Skiers Standing Sideways

Somewhere amongst the desolate expanse of Siberia, the Russian sky has finally cracked blue, a tasty ten centimetres of fresh snow has fallen and the crew from Sherpas Cinema finds themselves amongst something that hasn’t come easily of late: Mountains. Sweet, beautiful mountains.

 

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KC Deane, Christmas Day. Whistler Backcountry

Words: Mikey Nixon  ::  Photos: Mason Mashon

With cameras rolling for The Siberian Traverse, professional skier Callum Pettit drops off a ridge and trenches his way through the trees towards the valley below. The shot makes the movieexplosions of smokey pow set against a deep blue sky, the athlete unrecognizable within the microclimate created by his silky turns. But a blasphemous secret lies beneath those powdery plumesCallum isn’t skiing at all… he’s noboarding!

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Even months after the release of The Siberian Traverse, Callum admits to dealing with multiple rumours that he’s given up skiing in favour of unshackled powder surfing. “Yeah, that’s kinda the ongoing joke,” he laughs. Officially of course, he’s still a professional two-planker, but Callum, his brother Sean, Kye Petersen and a few other local pro skiers, have found themselves hooked on that bindingless feeling of surfing down the mountain when conditions allow. “It is the best and probably the most fun you can have in powder,” Sean Pettit says.

Callum, his brother Sean, Kye Petersen and a few other local pro skiers, have found themselves hooked on that bindingless feeling of surfing down the mountain when conditions allow.

Beyond sheer enjoyment, noboarding is also a function of convenience. The flat, low profile boards are easily slung over one’s shoulder or strapped unobtrusively to the back of the sled. Also, snowmobiling in ski boots is a slippery affair and many skiers will opt for comfortable boots on the way into their chosen ski zone.

 

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Mason Mashon doing his best Gerry Lopez impression, shot by KC Deane, Whistler Backcountry

 

“It’s always nice to sled up in the Sorels and then get a couple warm-up laps on the noboard to get the blood flowing before switching over,” Callum says.

Diehard ski fanatics can blame Sherpas Cinema for converting some of the sport’s most talented rippers to the detached form of snowsliding. The first board that both Callum and Kye tried out belonged to an unlikely mentor—Sherpas principal director, Dave Mossop, brought it into remote backcountry lodges while filming for All.I.Can. and Into the Mind, and is responsible for introducing the young disciples to the elixir that is noboarding.

“Noboarding has become a pretty key activity when snow conditions are prevailingly good, but the avalanche hazard is high. It allows us to utilize less consequential slopes, but still have the best time ever.” – Mason Mashon

Mossop had previously worked on two films with Cholo Burns, a Selkirkbased shredder who along with Greg Todds (RIP), came up with the traction pad/rope system that they marketed as the Noboard [Editor’s note: for that story see Mountain Life 2008 “Backcountry Issue.”] Based in a forgotten Kootenay town that gets absolutely blasted with snowfall, Todds and Burns created the noboard pad in part to address the inconvenience and foot pain associated with snowboard bindings.

But snowboarders complaining about foot pain is laughable to skiers because ski boots are basically Iron Maiden torture devices for your feet, which is exactly why Callum was noboarding on that cold Siberian day.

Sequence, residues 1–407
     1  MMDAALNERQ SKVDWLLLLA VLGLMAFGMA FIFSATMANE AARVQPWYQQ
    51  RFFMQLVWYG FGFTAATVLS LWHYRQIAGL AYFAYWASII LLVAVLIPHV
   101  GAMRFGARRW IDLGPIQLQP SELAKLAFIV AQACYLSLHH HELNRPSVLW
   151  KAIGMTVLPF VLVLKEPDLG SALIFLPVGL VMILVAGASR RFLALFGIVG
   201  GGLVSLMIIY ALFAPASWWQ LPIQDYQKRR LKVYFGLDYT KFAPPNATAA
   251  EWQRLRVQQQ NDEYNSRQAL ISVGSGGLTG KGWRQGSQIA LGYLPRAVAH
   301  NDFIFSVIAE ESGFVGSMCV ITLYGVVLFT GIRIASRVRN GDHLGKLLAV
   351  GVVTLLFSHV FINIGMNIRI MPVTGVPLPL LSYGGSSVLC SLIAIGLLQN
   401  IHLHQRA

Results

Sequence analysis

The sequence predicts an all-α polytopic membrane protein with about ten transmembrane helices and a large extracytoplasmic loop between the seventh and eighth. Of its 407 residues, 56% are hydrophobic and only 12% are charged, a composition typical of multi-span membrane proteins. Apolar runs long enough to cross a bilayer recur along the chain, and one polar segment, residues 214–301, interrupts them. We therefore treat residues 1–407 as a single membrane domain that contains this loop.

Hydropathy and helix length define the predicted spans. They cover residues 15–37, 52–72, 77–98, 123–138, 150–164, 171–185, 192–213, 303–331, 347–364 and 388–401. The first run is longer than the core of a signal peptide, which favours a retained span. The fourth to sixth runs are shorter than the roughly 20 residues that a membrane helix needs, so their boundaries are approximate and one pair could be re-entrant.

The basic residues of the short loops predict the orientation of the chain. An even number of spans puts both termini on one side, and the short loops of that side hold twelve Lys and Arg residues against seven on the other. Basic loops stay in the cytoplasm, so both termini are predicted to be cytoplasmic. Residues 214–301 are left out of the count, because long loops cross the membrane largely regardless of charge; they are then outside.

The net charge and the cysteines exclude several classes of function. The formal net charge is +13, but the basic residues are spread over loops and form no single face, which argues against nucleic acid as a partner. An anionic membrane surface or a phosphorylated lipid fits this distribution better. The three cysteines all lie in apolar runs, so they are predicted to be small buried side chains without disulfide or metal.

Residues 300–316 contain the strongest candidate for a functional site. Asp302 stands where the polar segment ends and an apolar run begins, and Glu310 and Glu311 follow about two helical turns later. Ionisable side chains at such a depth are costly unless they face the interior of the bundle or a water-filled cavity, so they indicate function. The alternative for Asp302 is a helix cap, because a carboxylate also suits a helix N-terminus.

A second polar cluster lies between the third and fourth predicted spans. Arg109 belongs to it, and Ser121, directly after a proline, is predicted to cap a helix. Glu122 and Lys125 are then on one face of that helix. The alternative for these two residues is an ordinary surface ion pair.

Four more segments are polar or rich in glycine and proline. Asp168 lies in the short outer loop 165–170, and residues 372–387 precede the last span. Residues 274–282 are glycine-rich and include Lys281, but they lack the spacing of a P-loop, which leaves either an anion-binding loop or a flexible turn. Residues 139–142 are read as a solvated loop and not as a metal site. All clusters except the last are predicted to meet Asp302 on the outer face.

“I had the best run of the trip on the noboard because I had this gnarly blister from my ski boot,” he recalls fondly.

 

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Sean Pettit, Pemberton Backcountry.

 

But there’s more to it than simple comfort and convenience. “I think that noboarding has become a pretty key activity when snow conditions are prevailingly good, but the avalanche hazard is high,” says photographer and fellow pow surfer Mason Mashon. “It’s allowed us to utilize less consequential slopes, but still have the best time ever.”

Kye Petersen seconds that notion. “Usually on a day when I go out noboarding, it’s more casual,” he explains. “When I go skiing, I take it a little more seriously because I’m always trying to do something that really excites me, whereas with noboarding, you don’t need the gnarliest slope or to do something super technical. You can just enjoy the pure sensation of making nice carves in powder.”

 

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Sean Pettit, Whistler Backcountry

 

Another thing that a lot of people don’t realize about these Whistler-bred pro skiers, Callum, Sean and Kyeis that they are some of the top dogs in the local skatepark and very comfortable standing sideways. Kye, who spent time living in Hawaii as a young kid, says that surfing and skateboarding have translated into his skiing and the way he approaches the mountain. And they’ve definitely influenced his noboarding. “The best lines on a noboard are the ones that are not fall-line, the lines that are cross court,” he explains. “Then you can surf them a lot better. It’s all about that sick bottom turn for me.”

Regardless of what’s on your feet, the concept of style is both indefinable and indiscriminate. “I think style is the ruler of all things shred-related, no matter which craft you’re on,” says Mashon. And it’s no coincidence that the skiers who skate, surf and noboard are the ones who you can’t keep your eyes off on the mountain. Those archaic distinctions between all the different forms of snowsliding mean nothing to them because really, there’s only one thing that’s truly important when you’re in the mountains.

“Any time we’re on the noboard, it’s maximum fun,” says Cal.

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